• The gastrointestinal system is comprised of bacteria; roughly 400 species of good bacteria live inside your digestive tract. In fact, you have more bacteria living inside you than you have cells in your entire body! To maintain optimal health and wellbeing, it is important to have the right balance of “good” and “bad” bacteria making up your intestinal microflora. An overgrowth of pathogenic “bad” bacteria can cause various symptoms such as bloating, flatulence, constipation and diarrhoea and if left untreated may contribute to the development of autoimmune conditions like Lupus.

    • An important role of the intestinal microflora is to create a “barrier effect” in the gut, which helps the “good” bacteria to flourish while reducing “bad” bacteria. The integrity of this barrier can become impaired due to stress, illness, antibiotic treatments, excess alcohol and drug intake, nutrient deficiencies, certain medications (particularly aspirin, antibiotics, anti-reflux medications and anti-depressants), poor diet (particularly high sugar, wheat and dairy intake, processed foods, trans fats and lack of vegetables and good quality fibre), pesticide and chemical exposure or physical alterations in the gut. These factors contribute to the overgrowth of “bad” bugs, causing an imbalance known as dysbiosis, which affects digestion and immune system function. Once the gut barrier is disturbed, we end up with substances such as undigested foods, toxins, bacteria and chemicals escaping into the blood stream with the potential to set off immune or nervous system responses.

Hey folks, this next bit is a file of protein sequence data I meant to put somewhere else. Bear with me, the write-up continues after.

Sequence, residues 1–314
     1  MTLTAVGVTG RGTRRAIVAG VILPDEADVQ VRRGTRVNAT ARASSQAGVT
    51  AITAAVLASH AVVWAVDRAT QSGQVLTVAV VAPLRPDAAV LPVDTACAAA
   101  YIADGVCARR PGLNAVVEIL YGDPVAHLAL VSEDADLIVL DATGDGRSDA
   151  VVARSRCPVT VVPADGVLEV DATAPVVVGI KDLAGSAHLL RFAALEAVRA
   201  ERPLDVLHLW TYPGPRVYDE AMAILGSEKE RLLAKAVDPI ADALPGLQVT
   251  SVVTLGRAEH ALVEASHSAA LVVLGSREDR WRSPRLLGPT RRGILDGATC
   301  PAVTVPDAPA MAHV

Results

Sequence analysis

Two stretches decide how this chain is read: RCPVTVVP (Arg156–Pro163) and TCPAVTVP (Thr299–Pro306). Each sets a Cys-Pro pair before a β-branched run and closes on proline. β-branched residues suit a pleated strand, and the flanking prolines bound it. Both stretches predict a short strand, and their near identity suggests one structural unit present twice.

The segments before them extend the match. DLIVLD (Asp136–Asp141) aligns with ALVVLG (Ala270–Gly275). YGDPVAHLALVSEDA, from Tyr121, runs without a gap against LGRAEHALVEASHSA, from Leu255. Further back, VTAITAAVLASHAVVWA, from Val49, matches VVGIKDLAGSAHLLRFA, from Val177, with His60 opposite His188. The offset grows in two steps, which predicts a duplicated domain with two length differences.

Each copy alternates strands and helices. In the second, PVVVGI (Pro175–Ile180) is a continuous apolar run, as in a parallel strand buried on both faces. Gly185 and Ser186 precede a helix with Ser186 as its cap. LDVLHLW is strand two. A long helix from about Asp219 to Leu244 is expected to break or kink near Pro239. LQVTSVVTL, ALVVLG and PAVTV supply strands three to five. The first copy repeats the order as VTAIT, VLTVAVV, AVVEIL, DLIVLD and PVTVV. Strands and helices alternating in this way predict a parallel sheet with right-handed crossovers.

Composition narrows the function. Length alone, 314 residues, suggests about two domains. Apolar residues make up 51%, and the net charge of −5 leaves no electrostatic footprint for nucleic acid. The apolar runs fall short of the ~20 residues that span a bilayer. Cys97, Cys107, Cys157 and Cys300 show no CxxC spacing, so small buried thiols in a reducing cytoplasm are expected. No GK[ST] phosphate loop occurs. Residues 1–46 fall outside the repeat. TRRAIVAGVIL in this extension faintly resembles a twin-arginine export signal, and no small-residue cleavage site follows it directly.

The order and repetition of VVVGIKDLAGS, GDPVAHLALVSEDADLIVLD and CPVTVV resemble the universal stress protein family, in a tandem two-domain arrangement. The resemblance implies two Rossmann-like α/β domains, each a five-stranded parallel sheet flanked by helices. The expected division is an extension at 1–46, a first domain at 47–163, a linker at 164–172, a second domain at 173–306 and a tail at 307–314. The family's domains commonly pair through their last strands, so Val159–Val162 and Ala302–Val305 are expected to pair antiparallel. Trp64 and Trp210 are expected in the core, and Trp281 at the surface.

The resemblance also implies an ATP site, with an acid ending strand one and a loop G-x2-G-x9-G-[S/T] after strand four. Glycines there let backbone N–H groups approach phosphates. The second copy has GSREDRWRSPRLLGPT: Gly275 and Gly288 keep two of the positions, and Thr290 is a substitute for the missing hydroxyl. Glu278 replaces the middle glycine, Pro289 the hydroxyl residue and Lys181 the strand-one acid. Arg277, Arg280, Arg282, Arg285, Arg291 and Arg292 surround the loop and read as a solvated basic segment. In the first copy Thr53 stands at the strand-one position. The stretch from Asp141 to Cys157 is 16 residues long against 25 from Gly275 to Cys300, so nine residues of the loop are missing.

• Heavy metal toxicity, particularly mercury. Unfortunately mercury use is still widespread in society and is found in vaccinations, light bulbs and seafood, particularly larger fish like tuna, flake, swordfish and kingfish.

  • Vitamin and mineral deficiencies, particularly selenium, zinc, Vitamin C, E, D and essential fatty acids such as fish oil. Unfortunately, the soil in which our food is grown is often deficient in important vitamins and minerals. Even organic food if grown in depleted soil will not contain vital nutrients.

  • Hormonal imbalances:

    • Many autoimmune disorders like Hashimioto’s Thyroiditis, Rheumatoid Arthritis, Multiple Sclerosis and Lupus are more common in women than in men and often start at 30 years of age. There is a strong link to estrogenic changes and autoimmunity. Unfortunately in modern society there are many external sources of oestrogens which negatively impact on our oestrogen balance including pesticides in our food, plastics in the environment, particularly Bisphenol A or BPA which is found in storage containers and the plastic receipts we receive at the shops.

    • Other hormones which are of particular importance in autoimmune conditions are the androgen and adrenal hormones. These imbalances may occur in both women and men. In addition, to external oestrogens one of the main causes of these hormonal imbalances is stress as stress may lead to the depletion of important adrenal hormones produced by the adrenal glands which sit above the kidneys. Most notably DHEA and cortisol


Check out our next article/blog to see how you can manage your autoimmune condition with beneficial dietary and lifestyle changes.

For more information on diet lifestyle or specific supplementation recommendations, consult a qualified health practitioner like myself.